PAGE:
Here is one of the best content that I’ve seen lately about Facebook, and the fact that the social network is going public. It comes from Publicis Modem London, it is published on SlideShare, and I really recommend that you spend some time browsing through it’s content.

If I summarize: More than 85% of it’s revenue comes from advertising. Facebook is soon going public with a valuation of roughly $100bn. At first sight, you can think that this number is absolutely huge, and that it could hardly make multiples, which is basically the reason why investors would invest.

But then you realize that facebook in 2010 grabbed only a small 3% of the total digital market, when Google earned a comfortable 46%. The ARPU of a Google user is 8 times more than the ARPU for a Facebook user, so there’s room for a progression.

How can facebook increase it’s revenue? Either by adding more users, or by selling more ads, or by selling more performant and more expensive ads.

In some geographies, the Facebook penetration is approaching saturation. The growth in terms of users is slowing down, but the time spent and the stickyness is still growing, as you can see by checking the ratio of facebook DAU over MAU that keeps growing.

So, the other option is to push more ads to the users – we have seen lately a new picture viewer which now can display ads in the right column – and also to make better and more expensive ads, by better target profiling. This is where the new « Open Graph v2 » APIs comes to play, and will allow a never seen before highly accurate and fine user profiling by logging each and every of your so-called « frictionless activities ». What you read, what you listen to, the videos you’re watching, and so on and so forth, all your actions « online » – and not only while in Facebook, and now only in your browser, just think of your Spotify player on your iPhone… – will sculpt a very realistic portrait of you as a consumer.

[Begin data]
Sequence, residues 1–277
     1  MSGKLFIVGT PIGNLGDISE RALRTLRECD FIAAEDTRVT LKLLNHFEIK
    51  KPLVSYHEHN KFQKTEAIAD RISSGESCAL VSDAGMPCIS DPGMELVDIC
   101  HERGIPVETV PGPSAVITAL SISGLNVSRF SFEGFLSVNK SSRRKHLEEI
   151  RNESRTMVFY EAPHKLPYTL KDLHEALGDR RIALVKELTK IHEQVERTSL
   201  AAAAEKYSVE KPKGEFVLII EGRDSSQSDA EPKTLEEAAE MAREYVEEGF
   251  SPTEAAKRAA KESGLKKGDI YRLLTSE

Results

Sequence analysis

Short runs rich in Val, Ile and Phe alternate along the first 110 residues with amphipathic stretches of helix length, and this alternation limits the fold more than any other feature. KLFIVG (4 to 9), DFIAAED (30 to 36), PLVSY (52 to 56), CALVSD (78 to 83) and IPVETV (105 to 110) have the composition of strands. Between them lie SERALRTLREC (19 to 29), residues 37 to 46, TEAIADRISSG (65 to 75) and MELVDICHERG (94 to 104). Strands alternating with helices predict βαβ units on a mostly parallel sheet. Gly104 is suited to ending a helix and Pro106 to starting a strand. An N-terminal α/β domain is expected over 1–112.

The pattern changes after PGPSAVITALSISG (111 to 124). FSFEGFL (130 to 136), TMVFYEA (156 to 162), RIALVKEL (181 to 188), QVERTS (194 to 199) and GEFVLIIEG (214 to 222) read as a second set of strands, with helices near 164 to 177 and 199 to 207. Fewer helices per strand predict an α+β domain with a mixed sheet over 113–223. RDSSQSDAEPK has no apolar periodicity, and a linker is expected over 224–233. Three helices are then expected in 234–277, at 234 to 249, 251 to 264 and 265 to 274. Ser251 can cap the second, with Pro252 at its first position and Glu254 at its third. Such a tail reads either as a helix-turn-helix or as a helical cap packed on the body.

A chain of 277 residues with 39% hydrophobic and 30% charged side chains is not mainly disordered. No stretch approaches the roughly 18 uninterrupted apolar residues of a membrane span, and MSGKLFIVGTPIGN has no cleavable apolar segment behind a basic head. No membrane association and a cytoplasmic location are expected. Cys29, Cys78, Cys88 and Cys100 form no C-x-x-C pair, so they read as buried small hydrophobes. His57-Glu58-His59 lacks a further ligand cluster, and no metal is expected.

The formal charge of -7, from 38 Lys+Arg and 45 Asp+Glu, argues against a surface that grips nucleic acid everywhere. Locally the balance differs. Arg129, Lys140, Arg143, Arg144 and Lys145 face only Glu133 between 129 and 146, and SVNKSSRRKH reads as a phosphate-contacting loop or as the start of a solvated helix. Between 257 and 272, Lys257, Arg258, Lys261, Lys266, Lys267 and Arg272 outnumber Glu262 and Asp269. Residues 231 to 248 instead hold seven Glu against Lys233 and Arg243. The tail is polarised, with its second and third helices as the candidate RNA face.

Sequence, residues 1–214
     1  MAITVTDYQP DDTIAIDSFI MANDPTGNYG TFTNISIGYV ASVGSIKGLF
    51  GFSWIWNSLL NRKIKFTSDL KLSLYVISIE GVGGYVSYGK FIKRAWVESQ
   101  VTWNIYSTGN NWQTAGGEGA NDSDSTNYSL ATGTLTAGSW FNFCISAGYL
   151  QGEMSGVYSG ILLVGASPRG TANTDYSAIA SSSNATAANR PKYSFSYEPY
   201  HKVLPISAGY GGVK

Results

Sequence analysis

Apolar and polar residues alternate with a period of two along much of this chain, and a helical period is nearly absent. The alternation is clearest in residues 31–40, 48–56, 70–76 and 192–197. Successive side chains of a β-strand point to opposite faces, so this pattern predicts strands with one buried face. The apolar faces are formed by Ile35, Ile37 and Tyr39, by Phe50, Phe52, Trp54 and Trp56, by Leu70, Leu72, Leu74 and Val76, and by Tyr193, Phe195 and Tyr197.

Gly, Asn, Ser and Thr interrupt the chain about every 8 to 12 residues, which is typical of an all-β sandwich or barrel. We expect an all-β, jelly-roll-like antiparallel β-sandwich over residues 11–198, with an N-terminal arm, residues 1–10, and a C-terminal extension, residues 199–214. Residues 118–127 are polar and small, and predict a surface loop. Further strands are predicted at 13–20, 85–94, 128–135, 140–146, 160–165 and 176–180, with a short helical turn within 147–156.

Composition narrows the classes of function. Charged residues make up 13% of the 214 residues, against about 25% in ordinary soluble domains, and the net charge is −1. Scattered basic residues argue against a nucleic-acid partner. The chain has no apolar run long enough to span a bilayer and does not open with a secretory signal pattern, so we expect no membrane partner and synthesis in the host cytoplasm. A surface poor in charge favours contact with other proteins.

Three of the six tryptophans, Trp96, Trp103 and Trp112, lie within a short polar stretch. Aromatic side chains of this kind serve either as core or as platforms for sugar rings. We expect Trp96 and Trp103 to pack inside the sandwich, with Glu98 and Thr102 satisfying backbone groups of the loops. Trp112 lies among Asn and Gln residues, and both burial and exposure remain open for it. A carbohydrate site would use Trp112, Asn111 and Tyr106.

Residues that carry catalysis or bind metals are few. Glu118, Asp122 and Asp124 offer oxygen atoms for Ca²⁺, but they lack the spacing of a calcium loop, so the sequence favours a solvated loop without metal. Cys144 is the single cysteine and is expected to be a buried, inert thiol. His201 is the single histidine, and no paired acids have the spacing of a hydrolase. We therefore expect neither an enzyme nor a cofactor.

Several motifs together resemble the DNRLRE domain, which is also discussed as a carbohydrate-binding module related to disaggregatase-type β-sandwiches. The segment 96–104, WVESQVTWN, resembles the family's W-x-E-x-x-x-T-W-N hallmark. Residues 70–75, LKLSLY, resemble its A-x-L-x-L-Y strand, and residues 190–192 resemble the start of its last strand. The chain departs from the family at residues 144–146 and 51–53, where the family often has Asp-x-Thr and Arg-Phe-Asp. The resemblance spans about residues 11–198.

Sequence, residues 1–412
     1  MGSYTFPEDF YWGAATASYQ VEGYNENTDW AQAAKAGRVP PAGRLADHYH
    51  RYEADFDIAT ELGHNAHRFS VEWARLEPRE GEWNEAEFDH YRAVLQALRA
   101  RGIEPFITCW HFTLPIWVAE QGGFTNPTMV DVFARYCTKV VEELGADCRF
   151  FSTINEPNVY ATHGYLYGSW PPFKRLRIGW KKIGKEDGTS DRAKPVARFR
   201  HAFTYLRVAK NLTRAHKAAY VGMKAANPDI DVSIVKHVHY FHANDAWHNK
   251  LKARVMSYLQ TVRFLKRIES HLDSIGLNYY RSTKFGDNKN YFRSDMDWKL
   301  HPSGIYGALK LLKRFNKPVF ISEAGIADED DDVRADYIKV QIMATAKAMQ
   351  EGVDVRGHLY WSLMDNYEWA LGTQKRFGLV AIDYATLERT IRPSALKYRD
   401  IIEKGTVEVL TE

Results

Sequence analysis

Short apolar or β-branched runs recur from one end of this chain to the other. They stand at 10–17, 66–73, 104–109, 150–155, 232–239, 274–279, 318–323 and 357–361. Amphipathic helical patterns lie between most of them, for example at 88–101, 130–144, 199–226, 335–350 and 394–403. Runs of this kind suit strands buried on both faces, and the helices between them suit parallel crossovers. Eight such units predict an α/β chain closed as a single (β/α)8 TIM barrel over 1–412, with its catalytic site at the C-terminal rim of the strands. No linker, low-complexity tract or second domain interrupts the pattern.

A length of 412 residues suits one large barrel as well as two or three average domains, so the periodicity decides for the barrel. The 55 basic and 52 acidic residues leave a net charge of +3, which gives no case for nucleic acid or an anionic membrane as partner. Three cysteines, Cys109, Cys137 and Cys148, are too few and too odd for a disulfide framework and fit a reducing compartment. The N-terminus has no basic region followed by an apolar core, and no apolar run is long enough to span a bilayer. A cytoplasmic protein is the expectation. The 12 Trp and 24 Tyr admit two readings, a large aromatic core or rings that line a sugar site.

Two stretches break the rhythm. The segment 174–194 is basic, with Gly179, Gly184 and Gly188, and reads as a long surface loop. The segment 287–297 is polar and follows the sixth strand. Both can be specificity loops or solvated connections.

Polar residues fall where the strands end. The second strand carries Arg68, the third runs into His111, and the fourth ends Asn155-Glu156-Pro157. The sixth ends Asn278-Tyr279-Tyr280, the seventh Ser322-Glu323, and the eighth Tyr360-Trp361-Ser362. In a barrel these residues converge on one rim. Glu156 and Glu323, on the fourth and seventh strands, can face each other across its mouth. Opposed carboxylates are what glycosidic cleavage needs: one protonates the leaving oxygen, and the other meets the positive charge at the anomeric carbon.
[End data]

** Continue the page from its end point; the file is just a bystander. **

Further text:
This is a brilliant strategy to build a much better and finer ads system than the current Google AdWords leader. No doubt that the gap between the 3% and 46% of the digital pie between Facebook and Google from 2010 will soon become a figure of the past.

To be continued… :)

Oh, and make sure you don’t miss their 9 points in the « What If » section, starting at slide #52.

Ever though of the potential of these 9 ideas that Facebook could eventually implement someday? Can you feel that power?

Super Bowl 2012 ads: Toyota – The Reinvented Camry

Let’s start this series of posts about the Super Bowl ads with the one from Japanese car builder Toyota for the new Camry. The ad is quite funny, as it shows how things from your every day life could be if they were reinvented in the same way that the new Camry was reinvented and made more useful and innovative.

Let’s start this series of posts about the Super Bowl ads with the one from Japanese car builder Toyota for the new Camry. The ad is quite funny, as it shows how things from your every day life could be if they were reinvented in the same way that the new Camry was reinvented and made more useful and innovative.

So, what’s your prefered reinvention? The Police officer, the blender, the baby, the curtain, or the couch?
Maybe I’ll just go for the reinvented rain, since it’s certainly what I feel more painful in my every day life, and the was it way reinvented in this ad could make such a difference in our lifes ;)